7 COOK UP INNOVATION City consumers reward originality and artistry, and that creativity tends to stem from passionate chefs, not tightfisted business partners. Following through on a chef’s big—and sometimes expensive—innovation can set a spot apart.

8 CALL IT MARKETING Partner with a landlord that wants to use a food business in the lobby as a way to sell residential or commercial space above. It adds value to a residential or commercial building and provides a service, a convenience, to have multiple food options at the bottom of the building.

9 DESIGN SOFTWARE A 30-person company licenses its software to more than 1,000 restaurants in 50 markets for $89 to $899 a month. This technology powers reservations and customer-tracking systems. It powers their hospitality. There are other local software companies which provides operational software, and provides software that restaurants use to manage menus, orders, payments, customers’ checks and employees’ schedules.

10 SIGN LONG LEASES Tell brokers you want a 100-year lease. Get a landlord who wants a long-term tenant. Five- or 10-year leases set restaurants up for a reckoning when rent prices jump. For restaurants in up-and-coming neighborhoods, this is key.

11 WRITE COOKBOOKS ?Dozens of city restaurants and food companies produce cookbooks, unwieldy projects that usually pay marketing dividends rather than financial ones. But signing bonuses for buzzworthy businesses can be substantial, especially now that print cookbooks are proving they can hold their own against e-books and recipe websites.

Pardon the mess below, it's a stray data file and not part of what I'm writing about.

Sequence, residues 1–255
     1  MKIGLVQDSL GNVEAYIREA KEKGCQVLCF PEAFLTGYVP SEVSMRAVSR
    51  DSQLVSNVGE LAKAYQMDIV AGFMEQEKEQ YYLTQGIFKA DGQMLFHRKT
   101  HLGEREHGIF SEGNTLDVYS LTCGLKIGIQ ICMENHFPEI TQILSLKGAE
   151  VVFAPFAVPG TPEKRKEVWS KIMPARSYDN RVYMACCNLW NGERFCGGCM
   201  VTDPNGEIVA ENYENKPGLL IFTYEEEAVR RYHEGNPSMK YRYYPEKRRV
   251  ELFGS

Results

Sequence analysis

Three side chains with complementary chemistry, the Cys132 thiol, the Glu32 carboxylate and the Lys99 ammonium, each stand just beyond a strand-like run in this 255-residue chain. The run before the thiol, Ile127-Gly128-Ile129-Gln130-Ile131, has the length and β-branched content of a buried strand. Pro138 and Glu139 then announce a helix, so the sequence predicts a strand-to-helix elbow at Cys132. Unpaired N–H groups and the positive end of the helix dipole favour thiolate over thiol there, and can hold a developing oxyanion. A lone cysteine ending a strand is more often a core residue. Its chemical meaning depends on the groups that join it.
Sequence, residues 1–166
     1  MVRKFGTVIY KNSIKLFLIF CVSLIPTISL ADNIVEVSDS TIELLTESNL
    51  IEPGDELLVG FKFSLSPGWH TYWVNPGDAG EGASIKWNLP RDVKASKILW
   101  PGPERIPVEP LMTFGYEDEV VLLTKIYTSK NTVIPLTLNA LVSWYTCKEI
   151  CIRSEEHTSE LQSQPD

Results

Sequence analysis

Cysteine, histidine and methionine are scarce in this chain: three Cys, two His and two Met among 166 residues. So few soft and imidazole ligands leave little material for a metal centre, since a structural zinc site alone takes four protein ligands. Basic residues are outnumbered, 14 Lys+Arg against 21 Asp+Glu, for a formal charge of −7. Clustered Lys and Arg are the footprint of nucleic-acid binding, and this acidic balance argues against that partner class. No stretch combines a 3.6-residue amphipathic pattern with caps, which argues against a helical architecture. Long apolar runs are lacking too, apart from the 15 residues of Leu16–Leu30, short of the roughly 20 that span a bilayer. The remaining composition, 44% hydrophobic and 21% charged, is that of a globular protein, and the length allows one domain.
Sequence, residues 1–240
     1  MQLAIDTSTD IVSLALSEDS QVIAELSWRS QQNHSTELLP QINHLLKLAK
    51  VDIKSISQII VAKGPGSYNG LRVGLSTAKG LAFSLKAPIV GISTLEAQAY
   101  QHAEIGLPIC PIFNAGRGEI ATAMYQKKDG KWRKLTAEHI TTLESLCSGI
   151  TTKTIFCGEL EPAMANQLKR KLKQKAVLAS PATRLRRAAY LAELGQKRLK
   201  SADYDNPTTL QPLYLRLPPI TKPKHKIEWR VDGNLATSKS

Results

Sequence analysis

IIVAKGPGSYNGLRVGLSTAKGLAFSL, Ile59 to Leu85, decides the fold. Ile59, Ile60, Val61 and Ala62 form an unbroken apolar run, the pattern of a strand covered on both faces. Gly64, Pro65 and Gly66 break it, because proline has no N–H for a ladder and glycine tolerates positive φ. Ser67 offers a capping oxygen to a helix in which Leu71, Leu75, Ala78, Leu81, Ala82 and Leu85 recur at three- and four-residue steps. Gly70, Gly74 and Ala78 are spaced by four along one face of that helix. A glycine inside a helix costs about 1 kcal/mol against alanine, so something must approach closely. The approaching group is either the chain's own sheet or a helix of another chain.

12 RUN HOTEL RESTAURANTS ?Hoteliers finance the build-out of the space, eliminating one big startup cost. Plus, they’ll give restaurateurs the contract for room service, breakfast or the rooftop bar. In exchange, the hotel takes a percentage of sales. Reduced financial risk means less creativity, however. The restaurant’s brand has to blend easily into the hotel’s look and feel. But when there’s synergy, the partnership works

13 SUPPLY HIGH-QUALITY MEAT   So many other chopped-beef makers use trimmings or mechanically deboned beef, which are secondary- and tertiary-market items.  Start with whole muscle.